Everyone is talking about Social Emotional Learning (SEL) at the moment - and for good reason!
Helping students develop their social and emotional skills has become a key element of teaching and learning,
Research highlights short term benefits of students engagement in SEL programs, including:
It’s also found benefits in the long run:
Let’s dive into 7 SEL questions to support learning and growth.
This is one of the best questions to ask your students. It encourages self-management, which is one of the key elements of SEL. Both teaching and learning are supported through this immediate feedback loop.
Reflecting on their mood periodically increases awareness of their own emotions and learning needs.
Observing their mood for learning is effective when used throughout lessons. It can be especially relevant after learning breaks to gauge wellbeing.
A great follow-up question might be 'What is one thing you can do to help improve your mood for learning?'. Encouraging students to think about what helps them apply themselves to the task at hand will provide them with tools to do so in the future.
We all know how imperative sleep is for wellbeing. A lack of sleep:
This information helps us to gain a better understanding of what is happening in our students’ lives. Subsequently, we can ask more meaningful questions to find out why they aren't sleeping. Helping students to consider that sleep impacts their learning may encourage them to take steps to improve their sleep.
With this knowledge, offering guidance and directing students to support services is useful.
The way students feel about their place in the classroom influences how they feel, think and learn.
A student may be feeling excluded, or that their voice isn’t being heard by their teacher or peers.
It’s our responsibility to ensure that all students feel supported within the classroom environment.
Gathering this feedback enables us to address how and why students are feeling this way. We can employ different tool for supporting students, such as:
We’re all familiar with the saying ‘there is no I in teamwork.’
Research shows that people often learn best in group settings. It helps to bounce ideas off each other, collaborate, and expand on concepts.
As students navigate this approach, it’s important for them to reflect on how they work with others.
This question helps teachers and students evaluate their strengths and weaknesses when forming part of a team. Whole class and small group discussions can follow, where elements of successful teamwork are explored.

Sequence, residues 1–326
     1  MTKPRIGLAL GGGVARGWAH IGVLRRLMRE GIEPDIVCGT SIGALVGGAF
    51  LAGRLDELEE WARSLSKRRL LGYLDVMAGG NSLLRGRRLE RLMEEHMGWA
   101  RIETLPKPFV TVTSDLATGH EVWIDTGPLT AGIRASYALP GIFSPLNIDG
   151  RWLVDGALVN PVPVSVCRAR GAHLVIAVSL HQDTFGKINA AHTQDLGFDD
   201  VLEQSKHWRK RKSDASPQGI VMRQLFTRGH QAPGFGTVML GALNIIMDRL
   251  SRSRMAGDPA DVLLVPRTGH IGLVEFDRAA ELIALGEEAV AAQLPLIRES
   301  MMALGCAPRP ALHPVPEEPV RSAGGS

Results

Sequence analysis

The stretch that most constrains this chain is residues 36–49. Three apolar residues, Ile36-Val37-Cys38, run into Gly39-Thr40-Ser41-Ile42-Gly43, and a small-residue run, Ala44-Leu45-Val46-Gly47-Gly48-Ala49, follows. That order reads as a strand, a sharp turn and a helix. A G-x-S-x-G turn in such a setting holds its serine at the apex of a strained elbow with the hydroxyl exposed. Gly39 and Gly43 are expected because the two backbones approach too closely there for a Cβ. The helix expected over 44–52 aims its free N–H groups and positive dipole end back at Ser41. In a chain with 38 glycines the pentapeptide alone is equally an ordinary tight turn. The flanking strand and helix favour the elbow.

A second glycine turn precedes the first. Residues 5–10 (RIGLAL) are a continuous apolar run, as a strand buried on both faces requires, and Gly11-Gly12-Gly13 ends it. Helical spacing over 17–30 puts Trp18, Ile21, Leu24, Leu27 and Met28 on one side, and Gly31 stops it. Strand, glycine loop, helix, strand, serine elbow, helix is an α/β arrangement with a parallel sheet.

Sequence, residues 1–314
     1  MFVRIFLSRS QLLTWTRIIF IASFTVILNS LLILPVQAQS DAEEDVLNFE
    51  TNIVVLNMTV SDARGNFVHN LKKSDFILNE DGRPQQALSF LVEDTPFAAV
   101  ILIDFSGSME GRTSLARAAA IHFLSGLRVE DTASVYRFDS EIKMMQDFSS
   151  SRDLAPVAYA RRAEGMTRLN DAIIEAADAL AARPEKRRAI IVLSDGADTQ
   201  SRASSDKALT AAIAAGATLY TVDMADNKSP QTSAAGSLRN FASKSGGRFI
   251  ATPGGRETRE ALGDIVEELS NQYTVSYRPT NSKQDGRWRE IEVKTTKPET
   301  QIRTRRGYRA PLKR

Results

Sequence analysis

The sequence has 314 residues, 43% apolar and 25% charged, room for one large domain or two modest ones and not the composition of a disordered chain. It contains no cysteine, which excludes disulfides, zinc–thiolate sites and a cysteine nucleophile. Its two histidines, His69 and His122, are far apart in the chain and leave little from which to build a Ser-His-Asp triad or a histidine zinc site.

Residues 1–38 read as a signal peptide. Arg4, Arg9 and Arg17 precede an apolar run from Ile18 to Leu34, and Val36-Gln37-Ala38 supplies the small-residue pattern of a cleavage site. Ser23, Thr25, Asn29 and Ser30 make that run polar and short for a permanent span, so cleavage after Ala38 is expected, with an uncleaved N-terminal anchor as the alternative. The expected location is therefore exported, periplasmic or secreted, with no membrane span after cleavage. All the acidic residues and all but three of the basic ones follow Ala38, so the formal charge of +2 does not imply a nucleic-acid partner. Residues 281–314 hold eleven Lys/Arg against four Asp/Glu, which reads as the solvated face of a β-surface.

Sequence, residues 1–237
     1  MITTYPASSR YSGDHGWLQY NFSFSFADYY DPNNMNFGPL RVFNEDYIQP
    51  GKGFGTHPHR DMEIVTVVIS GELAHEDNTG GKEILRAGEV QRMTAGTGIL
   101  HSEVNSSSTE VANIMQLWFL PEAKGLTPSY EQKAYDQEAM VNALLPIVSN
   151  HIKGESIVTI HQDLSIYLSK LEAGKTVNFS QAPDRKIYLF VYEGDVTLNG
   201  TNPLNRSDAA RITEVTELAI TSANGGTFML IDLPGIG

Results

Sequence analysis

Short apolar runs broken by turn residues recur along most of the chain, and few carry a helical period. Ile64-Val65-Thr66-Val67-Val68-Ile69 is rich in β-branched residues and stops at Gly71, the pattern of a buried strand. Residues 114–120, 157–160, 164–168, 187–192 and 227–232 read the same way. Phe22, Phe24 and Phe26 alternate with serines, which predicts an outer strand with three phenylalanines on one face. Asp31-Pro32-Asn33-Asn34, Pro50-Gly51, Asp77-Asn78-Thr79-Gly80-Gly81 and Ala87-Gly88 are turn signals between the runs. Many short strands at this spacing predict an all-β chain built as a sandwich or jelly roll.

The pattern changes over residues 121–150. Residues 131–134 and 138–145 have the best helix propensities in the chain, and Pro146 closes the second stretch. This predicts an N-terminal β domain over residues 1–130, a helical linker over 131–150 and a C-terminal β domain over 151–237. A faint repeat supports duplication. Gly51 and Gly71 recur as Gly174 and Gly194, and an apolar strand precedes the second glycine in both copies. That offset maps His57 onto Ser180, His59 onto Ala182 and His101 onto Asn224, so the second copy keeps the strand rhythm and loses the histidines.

It’s easy to forget that our students may have a lot on their plate.
We know that being overloaded, whether it be with work, schooling or life in general, is detrimental to our wellbeing. Our students are no different.
Asking this question highlights to them that we care about their wellbeing and mental health.
It also gives us the information we need to tailor our expectations to suit the needs of individual students.
We all feel down from time to time. It can be hard to dig ourselves out of that hole.
It’s important for students to be able to recognise when they’re feeling under the weather.
They can then work to address these negative feelings.
Do they go for a walk? Speak to a friend? Listen to music?
If students are comfortable, share their responses with the group. Create a whole class list of their strategies. You can refer to these throughout your classes.
School isn’t everything. Our students have rich lives beyond the classroom.
To promote successful learning, students need to have happy and fulfilling experiences outside of school.
Have students turn and talk about their passions.
Do they have a favorite hobby? A love of sport? An interest in languages?
You can tailor your teaching to suit student interests. If students love music, you can incorporate musical activities such as writing a song as an assessment.
The students we teach are not blank canvases.
Their social and emotional learning is pivotal to successful outcomes in every classroom.
Supporting this development is a privilege as a teacher. We can help them succeed far beyond the walls of our classroom. They’ll likely form meaningful relationships, improve their self confidence and succeed throughout life.
Try these questions with your students by creating your free Ziplet account and using the SEL category in the question bank, where these questions and many more research-backed template questions are available to use with your students.
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Getting to know students is helpful for improving behaviour, tailoring teaching to different needs, and making students feel valued.
This article covers the steps teachers can take to foster positive relationships in the classroom and help students feel connected and safe